I think if we’re all honest with ourselves there have been times where we love student ministry more than we love ministering to students.
I’m not exactly sure why this happens, but I think that after some time we begin to drift away from the students we’re called to minister to and toward the “ministry” side of things. There are always programs, systems, etc. that need our attention and they become the “main thing” in our lives. I know that this has happened to me from time to time in ministry.
As we get ready to start another school year of ministry to students make sure that you love the students God has called you to minister to over the ministry you lead.
All of the students in our ministry have now started back to school and the summer of 2012 has come to a close. We’ve just sent a group of 9th graders up into the high school ministry, and we’ve welcomed in our new 6th grade students and families. It’s now time to reflect back on the summer and evaluate our events and begin to make plans for next summer.
Here are four ways that we are going about reviewing our summer activities.
1. Look at each event and determine the purpose of the event. Hopefully you went into the summer already knowing the purpose, but looking back you can see where you may have been unbalanced in your ministry. By looking back at all the events and determining their purpose you can know if you accomplished what you wanted over the summer.
2. What were the “wins” of the event? Each event has something that you can say was a “win” based off your purposes of the event. Were students saved? That’s a win! Did students make some new friends? That’s a win! Did parents come to an event? That’s a win! Look back and be encouraged by the “wins” that you saw this summer.
3. Was the event well attended? This question isn’t always a great determining factor because of family vacations, camps, and other events going on, but it can help you decide if you need to move the same event to a different part of the summer for next year. It may have been an amazing event that you need to do again next year, but just at a different time.
4. What was the feedback that you heard from students and from parents? Think back to conversations from the students and the parents about the summer events. It’s important to not just focus on the students feedback, but take the parents feedback seriously too.
We had an amazing summer, and were blessed to see God do some amazing things in the lives of our students! As we move into the fall we’re praying that God will continue to give us momentum in our ministry.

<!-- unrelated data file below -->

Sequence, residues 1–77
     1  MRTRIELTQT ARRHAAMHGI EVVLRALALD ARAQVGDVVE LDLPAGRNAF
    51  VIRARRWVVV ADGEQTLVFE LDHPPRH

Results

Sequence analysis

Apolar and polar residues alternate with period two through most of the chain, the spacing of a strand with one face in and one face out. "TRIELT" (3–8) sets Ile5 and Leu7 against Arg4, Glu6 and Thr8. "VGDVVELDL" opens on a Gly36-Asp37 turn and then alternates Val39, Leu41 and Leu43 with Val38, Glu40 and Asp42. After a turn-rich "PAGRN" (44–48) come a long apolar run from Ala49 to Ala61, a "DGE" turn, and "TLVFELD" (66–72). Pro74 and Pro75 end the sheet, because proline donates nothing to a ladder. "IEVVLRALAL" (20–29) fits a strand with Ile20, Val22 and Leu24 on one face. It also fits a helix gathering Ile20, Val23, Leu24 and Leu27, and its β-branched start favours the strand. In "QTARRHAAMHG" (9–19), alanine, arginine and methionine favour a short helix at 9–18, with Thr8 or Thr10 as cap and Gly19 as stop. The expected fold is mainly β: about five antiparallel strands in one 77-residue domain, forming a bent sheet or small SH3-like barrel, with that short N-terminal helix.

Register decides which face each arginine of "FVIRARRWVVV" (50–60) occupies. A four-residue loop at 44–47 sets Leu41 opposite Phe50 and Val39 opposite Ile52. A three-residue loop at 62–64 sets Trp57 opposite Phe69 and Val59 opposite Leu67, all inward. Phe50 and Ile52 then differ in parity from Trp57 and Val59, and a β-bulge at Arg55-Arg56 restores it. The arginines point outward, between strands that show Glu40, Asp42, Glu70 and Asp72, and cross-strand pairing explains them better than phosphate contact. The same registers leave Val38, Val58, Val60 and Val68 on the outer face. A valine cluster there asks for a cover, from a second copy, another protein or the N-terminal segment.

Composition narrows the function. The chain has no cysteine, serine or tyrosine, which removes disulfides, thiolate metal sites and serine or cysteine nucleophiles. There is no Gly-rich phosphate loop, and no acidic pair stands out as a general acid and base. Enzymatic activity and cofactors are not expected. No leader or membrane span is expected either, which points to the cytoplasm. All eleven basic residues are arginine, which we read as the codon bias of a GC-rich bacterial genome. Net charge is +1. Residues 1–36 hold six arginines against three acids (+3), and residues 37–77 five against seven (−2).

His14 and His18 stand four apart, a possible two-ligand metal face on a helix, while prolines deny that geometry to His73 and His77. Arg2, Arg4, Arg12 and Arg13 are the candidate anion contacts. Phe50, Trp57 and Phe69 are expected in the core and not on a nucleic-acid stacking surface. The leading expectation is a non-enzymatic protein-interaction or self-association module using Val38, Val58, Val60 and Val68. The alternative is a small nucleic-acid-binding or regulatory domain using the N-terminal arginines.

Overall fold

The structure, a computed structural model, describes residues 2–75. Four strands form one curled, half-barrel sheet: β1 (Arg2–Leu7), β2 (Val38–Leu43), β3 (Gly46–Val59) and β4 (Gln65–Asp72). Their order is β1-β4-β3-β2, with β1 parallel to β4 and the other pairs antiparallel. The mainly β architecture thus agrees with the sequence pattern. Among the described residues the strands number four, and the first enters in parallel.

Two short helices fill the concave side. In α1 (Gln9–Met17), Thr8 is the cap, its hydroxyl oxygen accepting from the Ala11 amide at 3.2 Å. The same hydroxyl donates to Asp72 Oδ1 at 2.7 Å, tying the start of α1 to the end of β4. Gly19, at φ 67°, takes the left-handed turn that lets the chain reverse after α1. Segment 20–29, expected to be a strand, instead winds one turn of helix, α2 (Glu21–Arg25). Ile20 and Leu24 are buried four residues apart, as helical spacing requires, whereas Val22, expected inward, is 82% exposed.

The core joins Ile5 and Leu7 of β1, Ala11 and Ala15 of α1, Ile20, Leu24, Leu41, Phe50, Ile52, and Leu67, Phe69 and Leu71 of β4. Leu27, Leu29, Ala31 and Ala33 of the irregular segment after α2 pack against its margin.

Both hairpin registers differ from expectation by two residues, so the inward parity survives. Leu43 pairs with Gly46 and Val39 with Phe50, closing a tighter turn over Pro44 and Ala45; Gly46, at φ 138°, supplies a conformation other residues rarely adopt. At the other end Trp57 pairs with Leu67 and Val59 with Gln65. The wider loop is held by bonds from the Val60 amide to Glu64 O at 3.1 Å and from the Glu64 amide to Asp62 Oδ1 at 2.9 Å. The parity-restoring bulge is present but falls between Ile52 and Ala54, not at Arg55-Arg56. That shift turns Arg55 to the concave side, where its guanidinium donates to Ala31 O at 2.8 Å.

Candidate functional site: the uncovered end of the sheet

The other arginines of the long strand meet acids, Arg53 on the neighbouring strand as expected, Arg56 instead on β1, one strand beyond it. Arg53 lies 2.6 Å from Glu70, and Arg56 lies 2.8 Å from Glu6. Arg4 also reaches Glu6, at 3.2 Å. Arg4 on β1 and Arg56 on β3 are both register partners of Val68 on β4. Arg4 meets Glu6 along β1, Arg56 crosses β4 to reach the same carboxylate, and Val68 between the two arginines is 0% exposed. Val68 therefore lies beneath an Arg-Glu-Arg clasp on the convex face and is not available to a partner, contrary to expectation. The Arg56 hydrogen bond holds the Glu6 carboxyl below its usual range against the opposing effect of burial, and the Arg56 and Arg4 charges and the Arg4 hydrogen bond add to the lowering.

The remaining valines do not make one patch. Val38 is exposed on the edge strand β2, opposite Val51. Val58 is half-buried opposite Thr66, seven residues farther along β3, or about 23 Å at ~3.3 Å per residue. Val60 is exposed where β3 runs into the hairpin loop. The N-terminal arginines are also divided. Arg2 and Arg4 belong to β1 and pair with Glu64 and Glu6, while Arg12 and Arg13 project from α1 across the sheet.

What are some ways that you review your summer activities?
Last week I celebrated my three-year anniversary at Prince Avenue Baptist Church serving as the middle school pastor. This will be the first year that I send a group of students to the high school ministry that have been with me since they were in 6th grade. When I first came to Prince I had been doing student ministry for 10 years and thought that I had it mostly figured out. I didn’t think that middle school ministry was going to be any different. Boy was I wrong! I’ve learned a lot over the past three years about middle schoolers and a ministry that is geared toward them. Here are a few of the things I’ve learned along the way.
1. They are still kids (kind of) – Middle schoolers love to play games, run around, and act like kids, but at the same time they don’t want to be treated like kids. They want to be grown up and have responsibility, but just not too much. They want to have their space and do things on their own, but they want to know that we’re still there to help them if they need help.
2. Focus on who they are becoming – When working with middle schoolers it is easy to focus too much on how crazy middle schoolers act sometimes. The thing that we all have to do as middle school workers is to focus on who they are becoming. Focus on what God is doing in their lives and how much you’ve seen them change spiritually over the course of a year or couple years. I can’t wait to see all the things these students are doing in the next couple years.
3. Not everyone “LIKES” middle schoolers - There is a big difference between putting up with middle schoolers and actually liking them. I’ve discovered that it is a special person who actually LIKES middle schoolers. They like the craziness, the changes, the challenges, the struggles middle schoolers face, etc. Middle schoolers simply want to know, “do you really like us?”